> And even in the worse inflation in American history it was less than 20%, I really
>   think we can make wheelbarrows fast enough to keep up with that, although if
> your suggestion is followed the uprising from millions of penyless unemployed
> may cause a shortage of guillotines.

A big problem with inflation is it robs those furthest from where the inflated money enters the system the most and these are usually the most vulnerable people: those on pensions and those with low-paying fixed income jobs. This leads to many of them being penniless or the the equivalent.

Inflation also distorts the structure of production, making for unsustainable projects. Again, this doesn't mean the Earth falls into the Sun and all life is extinguished. It means that there's more waste in an economy than there would be otherwise. It also drives the business cycle, so every now and then unsustainable projects collapse and all the monies invested are basically wasted. There's an opportunity cost here: investments that went into those projects likely would have gone into better, sustainable projects. (This is over and over the background rate of failure for projects. Think of inflation like adding fog into a harbor where no one realizes it's foggy: sometimes ships collide despite fog (the background rate), but fog (without precautions) leads to even more collisions, even more catastrophic ones.)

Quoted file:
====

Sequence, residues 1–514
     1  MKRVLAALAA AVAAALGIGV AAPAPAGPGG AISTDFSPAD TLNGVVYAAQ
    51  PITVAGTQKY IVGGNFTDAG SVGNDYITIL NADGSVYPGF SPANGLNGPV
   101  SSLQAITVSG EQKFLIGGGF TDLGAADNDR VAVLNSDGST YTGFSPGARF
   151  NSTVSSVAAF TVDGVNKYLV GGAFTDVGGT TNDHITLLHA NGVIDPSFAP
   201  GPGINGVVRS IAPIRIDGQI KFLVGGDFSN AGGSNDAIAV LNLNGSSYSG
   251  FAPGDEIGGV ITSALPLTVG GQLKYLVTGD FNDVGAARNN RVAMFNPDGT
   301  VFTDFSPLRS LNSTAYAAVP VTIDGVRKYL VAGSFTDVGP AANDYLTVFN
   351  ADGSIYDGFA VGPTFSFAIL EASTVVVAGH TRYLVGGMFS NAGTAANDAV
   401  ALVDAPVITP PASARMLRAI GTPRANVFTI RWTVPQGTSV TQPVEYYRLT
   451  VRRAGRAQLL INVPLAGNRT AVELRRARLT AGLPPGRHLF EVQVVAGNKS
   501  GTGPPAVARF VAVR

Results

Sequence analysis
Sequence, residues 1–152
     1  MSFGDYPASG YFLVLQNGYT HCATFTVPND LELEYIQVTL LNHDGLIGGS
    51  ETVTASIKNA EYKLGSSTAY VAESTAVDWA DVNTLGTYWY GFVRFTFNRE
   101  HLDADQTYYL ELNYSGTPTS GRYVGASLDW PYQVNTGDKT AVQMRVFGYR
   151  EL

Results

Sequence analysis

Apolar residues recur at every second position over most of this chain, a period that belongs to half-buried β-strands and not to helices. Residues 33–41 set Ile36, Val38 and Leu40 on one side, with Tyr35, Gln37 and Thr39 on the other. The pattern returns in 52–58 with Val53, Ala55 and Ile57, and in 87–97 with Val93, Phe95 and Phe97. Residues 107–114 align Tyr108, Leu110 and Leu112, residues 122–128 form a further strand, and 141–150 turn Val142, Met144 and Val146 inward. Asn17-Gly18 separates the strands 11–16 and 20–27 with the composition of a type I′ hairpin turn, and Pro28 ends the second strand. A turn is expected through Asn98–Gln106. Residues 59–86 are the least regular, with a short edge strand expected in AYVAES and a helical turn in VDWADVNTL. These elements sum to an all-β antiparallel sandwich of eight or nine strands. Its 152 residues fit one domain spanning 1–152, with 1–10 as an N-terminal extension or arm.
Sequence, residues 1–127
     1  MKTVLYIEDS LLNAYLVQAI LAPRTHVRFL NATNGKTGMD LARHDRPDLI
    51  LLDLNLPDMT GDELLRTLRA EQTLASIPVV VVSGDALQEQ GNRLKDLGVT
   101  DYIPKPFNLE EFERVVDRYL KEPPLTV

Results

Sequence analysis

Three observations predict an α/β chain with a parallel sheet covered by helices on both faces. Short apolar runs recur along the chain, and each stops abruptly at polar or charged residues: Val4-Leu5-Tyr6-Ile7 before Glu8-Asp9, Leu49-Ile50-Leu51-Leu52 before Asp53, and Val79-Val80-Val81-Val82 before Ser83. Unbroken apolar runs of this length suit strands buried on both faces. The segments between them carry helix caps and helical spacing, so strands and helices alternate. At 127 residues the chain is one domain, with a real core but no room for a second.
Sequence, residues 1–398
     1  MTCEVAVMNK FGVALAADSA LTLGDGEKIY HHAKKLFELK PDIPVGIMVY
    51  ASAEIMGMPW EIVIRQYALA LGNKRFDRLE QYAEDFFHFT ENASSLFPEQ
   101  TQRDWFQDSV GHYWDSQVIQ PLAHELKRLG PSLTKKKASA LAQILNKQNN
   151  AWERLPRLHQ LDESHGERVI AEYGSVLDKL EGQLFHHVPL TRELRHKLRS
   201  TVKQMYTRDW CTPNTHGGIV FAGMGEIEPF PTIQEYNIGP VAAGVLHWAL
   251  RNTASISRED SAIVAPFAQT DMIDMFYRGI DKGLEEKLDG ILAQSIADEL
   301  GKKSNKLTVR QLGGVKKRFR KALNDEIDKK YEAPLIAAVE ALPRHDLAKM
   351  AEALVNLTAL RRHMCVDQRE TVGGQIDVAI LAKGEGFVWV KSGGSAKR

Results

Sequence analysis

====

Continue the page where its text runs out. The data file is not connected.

Your other argument on deficits is similar: yeah, deficits, even big ones, don't end in the Earth opening up and swallowing civilization, but they lead to a less effective use of resources and less curbing of government interventions (since deficits are usually much more popular than raising taxes). Think of this as adding weights onto a runner's legs. Sure, the runner can still move, but now she has to run a little less quickly, she tires faster, and needs more calories to achieve the same results.

By the way, there's basically four ways governments can be funded: taxes, deficits, inflation, and confiscation. The last is usually only used during extreme emergencies and doesn't make any friends. So, typically, most national governments bounce around between raising taxes (which is unpopular with the taxed because they can immediately feel the pain, but allows them to plan and seems to distort the economy less because of this), deficits (which pushes off raising taxes, but because of this also leads to more uncertainty: will and how ill the deficit be serviced), and inflation (which tends to cause business cycles and is overall hard to predict who will end up paying for its results, but has the immediate result of a boom).

It's funny you mention the guillotine for two reasons. One, inflation and deficits played a role in the French Revolution. On the latter, it's because of huge deficits that Louis XVI called the Estates-General. And the rest is history.

Two, in other posts, you've often used fear of the masses rising up and revolting. So I wonder if you identify more with the ruling elite than with the masses.